Our Golf Rangefinder Buyer’s Guide tries to address the general factors you’ll want to think about when purchasing a laser rangefinder.

Street constructionAccuracy

The very first thing you should know is the fact that ALL laser golf rangefinders are accurate to within a handful of yards. Should you get one that will not be accurate, it’s defective and you should return it!

Alright, so what should you really consider when choosing a golf rangefinder?


The first thing to decide is whether or not you need a rangefinder with Slope. Slope measures alteration of elevation between you and the target and estimates the space that the shot will play, along with the actual distance to the target. It could be a really useful feature but is not allowed beneath the Rules of Golf. Should you don’t ever intend to use it in competition, then it’s worth considering.

Ease of Use

If you’re a skilled golf rangefinder user, then you will probably be capable of use pretty much any from the current models. However, should you have any trouble striking the right target with your laser or if perhaps you’ve never used one, the main factor is easy acquiring the distance to the correct target. Your rangefinder won’t be a bit of good for your requirements should you can’t quickly get the right distance each time you use it. The factors below often affect ease of use.

PinSeeker, PinHunter, First Target Priority

Most models today consist of the technology that permits the device to separate a foreground object from background objects. That means if you’re aiming for a flag with trees behind the green, your rangefinder will reveal the closest object, which ought to be the flag. This feature can be found on many current models. Bushnell calls it Pinseeker, Leupold calls it PinHunter and Callaway calls it First Target Priority Mode. Some models also give a sound, vibration or visual cue in the event the closest target is locked around the display.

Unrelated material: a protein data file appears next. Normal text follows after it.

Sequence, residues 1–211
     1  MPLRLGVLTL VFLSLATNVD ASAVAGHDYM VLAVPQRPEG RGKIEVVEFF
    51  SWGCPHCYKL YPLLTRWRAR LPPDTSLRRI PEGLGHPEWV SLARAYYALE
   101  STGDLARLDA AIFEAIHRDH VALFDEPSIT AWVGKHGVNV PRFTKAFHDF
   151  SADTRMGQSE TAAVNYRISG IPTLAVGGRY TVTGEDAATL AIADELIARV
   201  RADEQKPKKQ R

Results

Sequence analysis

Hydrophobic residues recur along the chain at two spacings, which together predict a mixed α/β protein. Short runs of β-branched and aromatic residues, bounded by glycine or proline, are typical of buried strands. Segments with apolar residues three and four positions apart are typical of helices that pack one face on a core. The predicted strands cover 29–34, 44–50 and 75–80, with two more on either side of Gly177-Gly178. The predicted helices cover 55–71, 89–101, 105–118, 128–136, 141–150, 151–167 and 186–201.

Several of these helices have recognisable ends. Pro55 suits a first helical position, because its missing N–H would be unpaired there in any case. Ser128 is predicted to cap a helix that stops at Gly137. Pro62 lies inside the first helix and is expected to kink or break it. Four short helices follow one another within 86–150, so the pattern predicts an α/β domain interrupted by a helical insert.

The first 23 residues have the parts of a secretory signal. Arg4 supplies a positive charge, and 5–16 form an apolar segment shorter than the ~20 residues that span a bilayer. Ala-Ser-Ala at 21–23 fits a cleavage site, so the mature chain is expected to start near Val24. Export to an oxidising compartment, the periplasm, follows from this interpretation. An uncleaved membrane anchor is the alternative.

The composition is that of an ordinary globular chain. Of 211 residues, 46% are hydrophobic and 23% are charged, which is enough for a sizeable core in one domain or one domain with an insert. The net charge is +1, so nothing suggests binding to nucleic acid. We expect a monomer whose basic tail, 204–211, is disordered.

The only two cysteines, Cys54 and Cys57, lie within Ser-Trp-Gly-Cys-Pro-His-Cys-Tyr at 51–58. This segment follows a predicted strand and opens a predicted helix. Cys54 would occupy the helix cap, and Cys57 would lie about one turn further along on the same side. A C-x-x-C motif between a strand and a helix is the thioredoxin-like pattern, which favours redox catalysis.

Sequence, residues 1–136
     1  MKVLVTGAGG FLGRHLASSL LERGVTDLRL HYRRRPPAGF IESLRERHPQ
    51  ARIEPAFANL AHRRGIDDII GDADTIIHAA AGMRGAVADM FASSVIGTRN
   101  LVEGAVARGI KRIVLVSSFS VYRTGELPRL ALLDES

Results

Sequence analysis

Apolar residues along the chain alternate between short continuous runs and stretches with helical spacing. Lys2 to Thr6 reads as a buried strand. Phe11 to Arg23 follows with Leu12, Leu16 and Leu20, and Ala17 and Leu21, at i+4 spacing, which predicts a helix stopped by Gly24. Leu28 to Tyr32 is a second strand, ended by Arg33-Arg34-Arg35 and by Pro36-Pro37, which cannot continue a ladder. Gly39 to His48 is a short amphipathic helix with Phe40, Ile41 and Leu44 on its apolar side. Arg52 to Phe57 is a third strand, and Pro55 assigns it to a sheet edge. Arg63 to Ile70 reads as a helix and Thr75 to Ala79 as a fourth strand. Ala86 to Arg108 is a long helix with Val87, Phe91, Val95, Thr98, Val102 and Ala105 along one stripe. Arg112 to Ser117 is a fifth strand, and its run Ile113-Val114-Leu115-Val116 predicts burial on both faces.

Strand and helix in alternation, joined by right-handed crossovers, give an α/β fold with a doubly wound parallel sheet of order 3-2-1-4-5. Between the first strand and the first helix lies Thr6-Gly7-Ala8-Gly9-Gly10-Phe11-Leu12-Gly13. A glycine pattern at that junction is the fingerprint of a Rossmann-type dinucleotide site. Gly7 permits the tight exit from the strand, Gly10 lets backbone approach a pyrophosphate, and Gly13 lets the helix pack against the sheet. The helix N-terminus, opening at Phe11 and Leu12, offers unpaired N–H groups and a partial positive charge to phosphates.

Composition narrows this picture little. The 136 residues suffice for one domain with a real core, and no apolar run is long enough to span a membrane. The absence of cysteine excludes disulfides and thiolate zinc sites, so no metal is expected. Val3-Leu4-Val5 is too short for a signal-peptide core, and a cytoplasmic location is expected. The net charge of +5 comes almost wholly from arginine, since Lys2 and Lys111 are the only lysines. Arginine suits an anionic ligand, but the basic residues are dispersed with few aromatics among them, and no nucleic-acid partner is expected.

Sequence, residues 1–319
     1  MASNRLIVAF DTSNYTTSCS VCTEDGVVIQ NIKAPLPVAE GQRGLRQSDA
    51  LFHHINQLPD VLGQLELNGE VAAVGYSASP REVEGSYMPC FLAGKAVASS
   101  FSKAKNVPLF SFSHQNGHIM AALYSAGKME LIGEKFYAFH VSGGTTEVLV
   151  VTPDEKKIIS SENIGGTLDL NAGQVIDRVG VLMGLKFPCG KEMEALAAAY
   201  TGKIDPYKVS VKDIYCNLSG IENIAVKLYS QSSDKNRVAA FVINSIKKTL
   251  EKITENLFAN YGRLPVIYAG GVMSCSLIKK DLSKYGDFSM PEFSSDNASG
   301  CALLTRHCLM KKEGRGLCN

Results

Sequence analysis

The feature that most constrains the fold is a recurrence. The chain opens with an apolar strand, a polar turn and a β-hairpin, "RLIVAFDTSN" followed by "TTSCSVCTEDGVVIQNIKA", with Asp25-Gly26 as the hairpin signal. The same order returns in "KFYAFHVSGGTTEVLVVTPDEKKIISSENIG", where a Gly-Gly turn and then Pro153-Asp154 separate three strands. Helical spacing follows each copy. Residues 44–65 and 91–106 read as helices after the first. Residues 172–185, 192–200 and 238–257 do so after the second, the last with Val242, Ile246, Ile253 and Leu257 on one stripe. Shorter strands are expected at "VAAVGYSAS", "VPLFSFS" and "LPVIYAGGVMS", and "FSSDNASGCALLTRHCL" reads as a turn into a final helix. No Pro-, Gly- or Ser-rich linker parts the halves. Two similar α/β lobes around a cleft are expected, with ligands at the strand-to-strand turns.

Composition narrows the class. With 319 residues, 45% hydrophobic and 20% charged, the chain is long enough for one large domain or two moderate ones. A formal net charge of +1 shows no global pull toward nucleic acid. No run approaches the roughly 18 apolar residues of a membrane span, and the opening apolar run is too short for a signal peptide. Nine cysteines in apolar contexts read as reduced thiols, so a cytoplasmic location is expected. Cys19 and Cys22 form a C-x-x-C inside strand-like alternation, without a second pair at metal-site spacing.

Laser rangefinders differ from no magnification to 7x magnification. We feel higher magnification can help you to hit the appropriate target.


A rangefinder that’s too small can generate problems for people who need to use two hands to maintain it steady. Two hands definitely makes ranging easier. Several wider models fit two hands quite comfortably.

Scan Mode

Most designs have a Scan mode. That means that either while you’re holding some control down or for a number of seconds when you finally press a control button, the rangefinder will scan the targets you’re ranging, attempting to have the best one. If you enjoyed this article and you would certainly such as to receive additional info relating to Bushnell Rangefinder kindly browse through the page. Generally, it’s easier try using a rangefinder with Scan mode turned on, so ensure you try it.


You will discover a difference in readability. We’ve discovered that units with Red numbers are much better to see. Unfortunately, there is generally a price being given money for which feature.

LESS Important Elements

Extra Features

Some designs include more features, particularly slope models. These aren’t critical, but may be fun.

Maximum and Minimum range

For the majority of users, this is simply not one factor. The majority of these lasers can measure distances well beyond a point where we require information. If you’re within 15 yards of your flag, you could probably walk up and get your distance without having to use a rangefinder, so minimum distance is really irrelevant.